In a variety of applications, it is frequently desirable to measure characteristics of a flow of solid materials, such as granular and powdered materials, without significantly interrupting the flow. Flow scale designs are known that incorporate an impact plate disposed substantially vertically, such as Tomiyasu et al., U.S. Pat. No. 3,640,135. The flow of solid materials is directed against the impact plate whereupon a horizontal force component exerted upon the impact plate is detected. When combined with weight data from another scale, information such as the flow rate and the weight of solid materials displaced can be determined.

Flow scales are often used under adverse environmental conditions. For example, flow scales are often used in environments with a high dust content, which hinders operation of mechanical and other sensitive components of the flow scale. Material buildup on or around mechanical components of the flow scale, such as at a mechanical support for the impact plate, may produce undesirable hysterisis effects that reduce sensitivity and accuracy of the flow scale.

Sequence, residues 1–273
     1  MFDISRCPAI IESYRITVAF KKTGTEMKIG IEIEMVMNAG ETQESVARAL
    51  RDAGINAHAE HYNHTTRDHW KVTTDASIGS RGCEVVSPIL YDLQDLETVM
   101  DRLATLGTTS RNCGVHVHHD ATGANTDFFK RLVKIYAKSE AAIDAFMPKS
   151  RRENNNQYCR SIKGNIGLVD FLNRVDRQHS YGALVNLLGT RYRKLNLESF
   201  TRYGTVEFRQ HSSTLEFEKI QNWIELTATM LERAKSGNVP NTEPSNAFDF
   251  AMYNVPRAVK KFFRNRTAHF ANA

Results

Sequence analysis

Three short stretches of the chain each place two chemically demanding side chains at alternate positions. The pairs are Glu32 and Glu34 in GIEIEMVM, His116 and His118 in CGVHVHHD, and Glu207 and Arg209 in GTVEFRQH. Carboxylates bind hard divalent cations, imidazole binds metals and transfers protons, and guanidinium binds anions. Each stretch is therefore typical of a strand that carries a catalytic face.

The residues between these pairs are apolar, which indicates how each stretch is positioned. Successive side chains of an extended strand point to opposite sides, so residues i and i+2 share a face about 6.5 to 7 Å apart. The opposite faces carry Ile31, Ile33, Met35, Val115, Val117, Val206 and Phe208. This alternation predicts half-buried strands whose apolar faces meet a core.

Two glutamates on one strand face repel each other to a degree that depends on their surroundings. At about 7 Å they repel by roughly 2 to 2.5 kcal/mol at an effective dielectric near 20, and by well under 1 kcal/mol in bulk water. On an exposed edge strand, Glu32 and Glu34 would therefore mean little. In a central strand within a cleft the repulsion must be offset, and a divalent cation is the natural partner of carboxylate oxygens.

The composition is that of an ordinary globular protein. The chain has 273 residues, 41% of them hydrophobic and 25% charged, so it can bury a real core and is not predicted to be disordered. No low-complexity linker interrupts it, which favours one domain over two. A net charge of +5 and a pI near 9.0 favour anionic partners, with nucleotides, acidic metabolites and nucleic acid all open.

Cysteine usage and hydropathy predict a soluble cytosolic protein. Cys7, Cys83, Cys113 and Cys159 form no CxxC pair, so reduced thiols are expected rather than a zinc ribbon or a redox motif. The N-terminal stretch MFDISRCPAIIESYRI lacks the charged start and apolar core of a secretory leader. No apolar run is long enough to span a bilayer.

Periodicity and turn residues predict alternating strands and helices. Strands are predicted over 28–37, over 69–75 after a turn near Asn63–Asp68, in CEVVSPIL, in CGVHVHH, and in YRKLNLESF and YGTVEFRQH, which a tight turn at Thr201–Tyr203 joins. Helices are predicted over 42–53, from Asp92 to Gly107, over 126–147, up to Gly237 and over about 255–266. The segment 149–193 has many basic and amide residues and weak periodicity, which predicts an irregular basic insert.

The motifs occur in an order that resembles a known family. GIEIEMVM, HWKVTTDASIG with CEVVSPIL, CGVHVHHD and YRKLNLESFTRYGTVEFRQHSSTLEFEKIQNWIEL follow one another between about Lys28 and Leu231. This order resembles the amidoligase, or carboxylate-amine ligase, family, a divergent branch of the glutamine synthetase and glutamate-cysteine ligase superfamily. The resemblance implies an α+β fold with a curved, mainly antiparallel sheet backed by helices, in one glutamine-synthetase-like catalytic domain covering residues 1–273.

Moreover, flow scales are also often used under unfavorable thermal conditions. As one example, hot baghouse dust may be present where flow scales are used in measuring paving mixes, and the heat from the hot baghouse dust may be transmitted (e.g., by conduction) to sensitive components of the flow scale. In addition, hot corrosive gasses may be present near the sensing device, due to material flow through the flow scale. Sensing devices like load cells are highly sensitive to high temperatures and corrosion, which can hinder or prevent proper functioning of the load cells and thus the flow scale.

Thus, the present invention relates to an impact flow scale that addresses problems with prior art designs.

BRIEF SUMMARY OF THE INVENTION